OK. I think I’m in neck deep with medical based studies investigating the efficacy of art therapy.
If you just want a list of TONS of examples (from ADD to grief to traumatic brain injuries)- here is a good PDF list from the American Art Therapy Association. For each study listed there is a section summarizing findings, and additional information on the validity of the study (and the limitations of that study, in some cases). Basically: an overwhelming amount of support for the role art therapy can have in health care.
One thought before I move on and forget it: I found one study particularly interesting in its investigation into the methods used. (#14, summary on page 34). The study is limited, and focuses on young sexual abuse victims specifically and does not address the healthcare community in a greater sense, but the findings could be potentially useful in how the sketchbooks/kits are put together.
“It was found that children produced more formed expressions and creative/design elements and less chaotic discharge and stereotypic art through the art project that involved few instructions and few materials… versus involved, ‘multiple instructions and materials'”
This is something I hadn’t thought about from the standpoint of providing a creative outlet. I assumed that the main need for access to art supplies was driven partly by lack of money and partly by lack of artistic exposure. Basically, according to this preliminary study, less is more. I had originally planned only to provide basic materials anyway- as organizing instruction on such a wide scale is probably much too much of a task for me- but did not realize that this could actually be more beneficial to the receivers. A less structured environment has always helped foster my creativity, and the less instruction I received, the more creative I was (and almost had to be). It does make sense that minimal to no instruction would leave the possibilities as endless as the creator’s imagination.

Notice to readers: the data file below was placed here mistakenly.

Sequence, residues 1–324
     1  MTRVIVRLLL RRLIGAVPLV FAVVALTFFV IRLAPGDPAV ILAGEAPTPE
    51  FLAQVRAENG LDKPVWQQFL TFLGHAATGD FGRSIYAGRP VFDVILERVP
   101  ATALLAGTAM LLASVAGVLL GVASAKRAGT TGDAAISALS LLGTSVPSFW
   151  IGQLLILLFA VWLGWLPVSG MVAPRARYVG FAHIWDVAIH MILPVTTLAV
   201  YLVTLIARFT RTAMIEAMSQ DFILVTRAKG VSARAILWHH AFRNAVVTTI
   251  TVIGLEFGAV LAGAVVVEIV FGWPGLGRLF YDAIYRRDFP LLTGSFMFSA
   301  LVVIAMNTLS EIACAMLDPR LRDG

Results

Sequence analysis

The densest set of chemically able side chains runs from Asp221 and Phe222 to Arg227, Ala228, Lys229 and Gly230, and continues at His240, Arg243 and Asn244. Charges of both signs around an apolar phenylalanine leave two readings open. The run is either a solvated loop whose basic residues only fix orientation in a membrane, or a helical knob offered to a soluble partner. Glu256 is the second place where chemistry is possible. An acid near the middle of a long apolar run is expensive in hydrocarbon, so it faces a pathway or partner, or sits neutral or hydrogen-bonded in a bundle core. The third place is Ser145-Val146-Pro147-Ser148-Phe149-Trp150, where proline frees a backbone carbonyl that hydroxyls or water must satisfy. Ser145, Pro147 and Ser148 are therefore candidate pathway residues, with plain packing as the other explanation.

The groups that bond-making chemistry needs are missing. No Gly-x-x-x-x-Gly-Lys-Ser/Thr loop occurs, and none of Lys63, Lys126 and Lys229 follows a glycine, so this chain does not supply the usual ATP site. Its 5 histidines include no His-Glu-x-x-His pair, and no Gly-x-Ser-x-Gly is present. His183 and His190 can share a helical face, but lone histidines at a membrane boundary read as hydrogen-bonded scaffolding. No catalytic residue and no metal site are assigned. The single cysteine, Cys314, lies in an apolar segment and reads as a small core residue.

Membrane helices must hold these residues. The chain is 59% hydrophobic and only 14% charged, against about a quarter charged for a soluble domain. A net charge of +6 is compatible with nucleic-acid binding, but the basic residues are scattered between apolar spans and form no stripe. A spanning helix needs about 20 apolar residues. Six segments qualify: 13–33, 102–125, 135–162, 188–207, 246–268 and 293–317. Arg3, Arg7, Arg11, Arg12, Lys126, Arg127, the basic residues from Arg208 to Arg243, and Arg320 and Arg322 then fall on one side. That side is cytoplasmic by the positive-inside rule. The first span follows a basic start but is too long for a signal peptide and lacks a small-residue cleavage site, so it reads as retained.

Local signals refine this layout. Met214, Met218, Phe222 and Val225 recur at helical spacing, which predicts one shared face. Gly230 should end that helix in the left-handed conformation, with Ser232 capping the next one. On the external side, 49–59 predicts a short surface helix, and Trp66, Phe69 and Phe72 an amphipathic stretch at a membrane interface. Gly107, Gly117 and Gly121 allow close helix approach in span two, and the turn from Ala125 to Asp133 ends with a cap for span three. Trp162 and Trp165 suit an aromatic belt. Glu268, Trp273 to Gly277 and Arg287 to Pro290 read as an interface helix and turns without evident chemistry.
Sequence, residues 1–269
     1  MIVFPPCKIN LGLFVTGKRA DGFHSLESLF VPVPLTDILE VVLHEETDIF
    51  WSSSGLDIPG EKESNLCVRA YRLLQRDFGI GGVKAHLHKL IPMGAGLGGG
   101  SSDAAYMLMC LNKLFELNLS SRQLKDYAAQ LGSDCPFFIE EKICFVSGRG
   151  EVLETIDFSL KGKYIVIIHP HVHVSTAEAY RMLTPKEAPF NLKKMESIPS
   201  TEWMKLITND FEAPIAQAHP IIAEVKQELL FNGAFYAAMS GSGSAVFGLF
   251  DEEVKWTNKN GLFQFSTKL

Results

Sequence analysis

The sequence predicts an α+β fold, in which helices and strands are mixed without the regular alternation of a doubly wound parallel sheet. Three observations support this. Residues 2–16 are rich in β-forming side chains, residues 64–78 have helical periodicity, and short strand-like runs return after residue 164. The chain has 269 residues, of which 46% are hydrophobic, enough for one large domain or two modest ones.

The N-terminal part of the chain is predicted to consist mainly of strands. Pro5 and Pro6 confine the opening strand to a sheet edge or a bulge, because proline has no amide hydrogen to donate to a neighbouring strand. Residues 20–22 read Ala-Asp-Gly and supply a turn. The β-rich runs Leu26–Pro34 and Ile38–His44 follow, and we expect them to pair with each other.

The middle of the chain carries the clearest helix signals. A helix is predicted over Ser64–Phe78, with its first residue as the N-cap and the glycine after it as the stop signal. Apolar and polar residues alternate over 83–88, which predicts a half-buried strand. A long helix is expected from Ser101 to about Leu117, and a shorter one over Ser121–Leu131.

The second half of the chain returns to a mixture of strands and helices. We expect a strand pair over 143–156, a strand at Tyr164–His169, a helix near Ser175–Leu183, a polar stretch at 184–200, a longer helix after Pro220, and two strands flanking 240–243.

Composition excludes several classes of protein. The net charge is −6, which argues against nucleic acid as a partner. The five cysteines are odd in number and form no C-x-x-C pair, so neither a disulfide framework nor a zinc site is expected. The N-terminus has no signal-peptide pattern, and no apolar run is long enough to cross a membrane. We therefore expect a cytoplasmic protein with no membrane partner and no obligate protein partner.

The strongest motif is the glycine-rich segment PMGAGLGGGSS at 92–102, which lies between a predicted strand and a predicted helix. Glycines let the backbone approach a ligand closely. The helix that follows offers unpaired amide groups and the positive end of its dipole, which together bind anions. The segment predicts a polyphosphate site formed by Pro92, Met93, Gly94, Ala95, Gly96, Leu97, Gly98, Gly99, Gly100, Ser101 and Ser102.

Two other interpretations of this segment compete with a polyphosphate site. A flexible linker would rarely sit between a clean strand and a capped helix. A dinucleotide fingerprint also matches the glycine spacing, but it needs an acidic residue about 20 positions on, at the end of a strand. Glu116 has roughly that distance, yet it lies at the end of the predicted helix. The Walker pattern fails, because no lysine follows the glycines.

Then too is the inevitable discussion of costs and donations. Though not necessarily monetary donations, at some point some sort of drawing/writing supplies will be needed to go along with the sketchbooks themselves. This begs the following inevitable questions of “How much can be given?” and “How much is needed?”
According to this study, perhaps only the basics. A pencil, a pen, and something with some color (pencils, crayons, or markers). In terms of what you need to express emotions, a writing utensil and access to colors (emotions and colors are strongly tied- just ask anyone who designs ads…) are really all you need. Whether the person receiving the supplies writes, draws, sketches, scribbles, whether what they create is deep and meaningful or simply an exploration of aesthetics, whether the end product is useful or useless- it doesn’t matter. Each person will need something different from their sketchbook. Just as no two illnesses are identical, and no two sets of treatments are prescribed in the same manner, no two people will use a sketchbook in the same way.
So here’s my question for you- the part where the reader has the chance to help ME out a little ;-D
What would YOU do with a sketchbook, a pencil, a pen, and some crayons? How would you fill the book?
(In case you haven’t caught the hint yet- I am asking for some comments!!!! THIS IS NOT A RHETORICAL QUESTION PEOPLE!)